Predictably, the severe cutbacks have shifted the work previously done by a well-staffed newsroom to a skeleton crew of remaining editors and reporters. The increased emphasis on the newspaper’s website, which with its faster news cycle requires a larger volume of stories, has only compounded the problem. “Today there are fewer and fewer writers and editors writing and editing more and more articles,” says one former writer. “You’re burning the candle at both ends, and the inevitable result is a serious drop in standards.”
Another employee spoke to us at length and described the drop in standards that resulted from the cuts. “There are cuts in manpower, in the amount of time editors and writers can dedicate to each item, and in the number of edits an article goes through before publication. You can feel the decline in quality. Management understood that the product would be inferior, despite the fact that they also knew that if you wanted people to pay for it, they’d need to offer a better product. The situation is bad any way you look at it. Things were getting worse for more than a year and a half before they [the management] responded. There was a drop in advertising income, and they failed to conduct prompt negotiations with employees. Because of this, they were forced to make sudden and brutal cuts… As a result, there were a lot of blunders at the paper and they’re getting a lot of criticism. People at the paper are exhausted. Right now, they’re basically going along to get along, in order to survive.”
Alongside the financial crisis and the wide-ranging cuts in staff and salaries, many Haaretz employees believe there is an additional reason for the paper’s decline in quality: A strategic decision by editor-in-chief Aluf Benn to refocus the elite paper to reach a much wider audience in order to maximize traffic, and the attendant advertizing income. “Aluf Benn’s managerial strategy,” says another source inside Haaretz, “is that the paper, and the website in particular, should publish stories that are as bold and provocative as possible. Everyone knows that publications like Yediot Aharonot or YNet [Yediot’s online edition] do this, but in the past Haaretz had different norms.” In the source’s view, the publication of the controversial Amira Hass piece was a deliberate attempt to draw traffic through sensational reporting.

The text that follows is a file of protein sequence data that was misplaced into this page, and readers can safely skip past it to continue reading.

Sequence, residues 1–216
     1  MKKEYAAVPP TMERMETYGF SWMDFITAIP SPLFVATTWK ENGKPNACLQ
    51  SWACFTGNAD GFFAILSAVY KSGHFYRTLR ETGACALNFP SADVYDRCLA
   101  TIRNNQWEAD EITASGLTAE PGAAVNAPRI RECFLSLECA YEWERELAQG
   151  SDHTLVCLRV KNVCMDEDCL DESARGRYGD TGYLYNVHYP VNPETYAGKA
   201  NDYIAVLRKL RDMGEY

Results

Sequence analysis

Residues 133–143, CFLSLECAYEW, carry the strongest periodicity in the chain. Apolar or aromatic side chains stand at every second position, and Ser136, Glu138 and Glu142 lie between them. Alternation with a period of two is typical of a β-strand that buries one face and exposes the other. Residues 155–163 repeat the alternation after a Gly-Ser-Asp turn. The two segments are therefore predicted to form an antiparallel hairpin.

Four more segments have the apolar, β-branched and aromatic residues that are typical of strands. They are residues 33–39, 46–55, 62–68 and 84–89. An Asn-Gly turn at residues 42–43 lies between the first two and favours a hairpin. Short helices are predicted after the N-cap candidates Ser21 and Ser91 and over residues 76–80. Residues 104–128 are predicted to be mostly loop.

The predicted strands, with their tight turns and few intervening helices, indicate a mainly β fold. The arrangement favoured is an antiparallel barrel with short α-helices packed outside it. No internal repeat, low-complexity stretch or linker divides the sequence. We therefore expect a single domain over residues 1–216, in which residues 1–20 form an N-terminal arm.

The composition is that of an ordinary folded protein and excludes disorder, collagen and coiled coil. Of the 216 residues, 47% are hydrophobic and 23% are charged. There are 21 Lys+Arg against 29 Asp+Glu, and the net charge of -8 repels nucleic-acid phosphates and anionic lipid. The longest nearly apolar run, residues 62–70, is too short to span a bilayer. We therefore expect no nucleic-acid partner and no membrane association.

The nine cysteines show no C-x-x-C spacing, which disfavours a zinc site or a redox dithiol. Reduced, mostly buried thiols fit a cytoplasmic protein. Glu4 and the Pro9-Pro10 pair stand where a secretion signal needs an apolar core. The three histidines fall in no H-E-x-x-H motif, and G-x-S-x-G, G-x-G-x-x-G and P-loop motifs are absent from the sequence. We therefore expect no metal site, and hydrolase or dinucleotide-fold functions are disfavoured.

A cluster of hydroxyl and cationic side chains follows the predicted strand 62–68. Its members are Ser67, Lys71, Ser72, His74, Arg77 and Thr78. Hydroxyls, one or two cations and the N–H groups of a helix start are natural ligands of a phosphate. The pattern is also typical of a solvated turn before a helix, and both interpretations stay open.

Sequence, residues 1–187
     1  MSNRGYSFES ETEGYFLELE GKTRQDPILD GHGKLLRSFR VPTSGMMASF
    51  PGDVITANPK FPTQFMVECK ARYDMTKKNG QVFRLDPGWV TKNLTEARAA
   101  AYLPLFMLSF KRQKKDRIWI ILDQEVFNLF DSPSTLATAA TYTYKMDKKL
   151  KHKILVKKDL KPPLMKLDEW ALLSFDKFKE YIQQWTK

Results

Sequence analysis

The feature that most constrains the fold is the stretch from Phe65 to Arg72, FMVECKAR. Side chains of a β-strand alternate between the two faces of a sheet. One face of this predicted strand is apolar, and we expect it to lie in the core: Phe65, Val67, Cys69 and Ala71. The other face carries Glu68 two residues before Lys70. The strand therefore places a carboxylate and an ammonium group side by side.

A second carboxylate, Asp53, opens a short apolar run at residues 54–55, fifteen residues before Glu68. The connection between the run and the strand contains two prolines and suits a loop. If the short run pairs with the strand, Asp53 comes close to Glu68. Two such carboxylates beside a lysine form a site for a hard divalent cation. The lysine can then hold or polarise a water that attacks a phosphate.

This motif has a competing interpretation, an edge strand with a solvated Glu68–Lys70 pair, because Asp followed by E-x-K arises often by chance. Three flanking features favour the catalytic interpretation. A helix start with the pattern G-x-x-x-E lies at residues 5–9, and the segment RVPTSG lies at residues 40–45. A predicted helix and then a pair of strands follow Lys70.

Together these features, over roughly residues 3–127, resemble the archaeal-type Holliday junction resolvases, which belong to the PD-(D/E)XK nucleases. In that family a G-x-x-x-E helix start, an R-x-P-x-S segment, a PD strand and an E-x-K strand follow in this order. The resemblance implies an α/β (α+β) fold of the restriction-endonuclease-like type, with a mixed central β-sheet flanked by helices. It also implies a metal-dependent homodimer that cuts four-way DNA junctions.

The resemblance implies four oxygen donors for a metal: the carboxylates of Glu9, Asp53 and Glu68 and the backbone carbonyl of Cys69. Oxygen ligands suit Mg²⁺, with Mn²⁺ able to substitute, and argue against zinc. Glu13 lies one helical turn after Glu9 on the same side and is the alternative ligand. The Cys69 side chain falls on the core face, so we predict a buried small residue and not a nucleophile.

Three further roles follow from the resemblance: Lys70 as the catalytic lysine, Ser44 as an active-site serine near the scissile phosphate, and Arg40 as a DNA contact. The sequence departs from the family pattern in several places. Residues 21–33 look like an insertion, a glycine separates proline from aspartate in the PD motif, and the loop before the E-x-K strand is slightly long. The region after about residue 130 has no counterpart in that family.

To back up his claim, the source cites a letter Haaretz sent to advertisers as part of its marketing for the new version of its Musaf Haaretz weekend supplement, which was leaked to the media. The letter includes the following passage:
Life has started moving more quickly, we have no spare time, and if I’m going to read a newspaper over the weekend, give me something livelier, that I don’t need to work too hard for, something fun to read. So we made a decision. To create a new Saturday supplement. To make a drastic change. To take into account changing consumption habits, and to reinvent the wheel.
This may sound reasonable on its own; but when expressed in the form of increasingly alienating politics, one may begin to question the business logic behind it. Perhaps the most glaring example of the crisis of confidence surrounded the “apartheid poll” affair.
On October 23, 2012, an article by Haaretz’s notoriously scandal-prone columnist, Gideon Levy, was published as the main story on the front page of the newspaper with the outrage-provoking headline, “Most Israelis Support Apartheid Regime in Israel.” Yet a careful look at the survey on which the article was based revealed that neither the headline nor Levy’s analysis were supported in any way by the poll’s actual data. Following public criticism, Haaretz was forced to publish an apology five days later, as well as a correction, in small letters tucked away at the bottom of a page, that read:
Clarification: The wording of the main headline, “Most Israelis Support Apartheid Regime in Israel” (Haaretz, Oct. 23), did not precisely reflect the findings of the Dialog poll. The question to which a majority of respondents answered in the negative did not relate to any current state of affairs, but to a hypothetical future one: “If Israel were to annex the territories of Judea and Samaria [i.e., the West Bank], would you support granting 2.5 million Palestinians the right to vote in Knesset elections?”
In fact, Levy’s article almost entirely misrepresented the actual results of the poll, according to independent analysts. According to numerous polls conducted over the past decade, most Israelis in fact support the creation of two states for two peoples and preserving the voting rights of Arab citizens of Israel.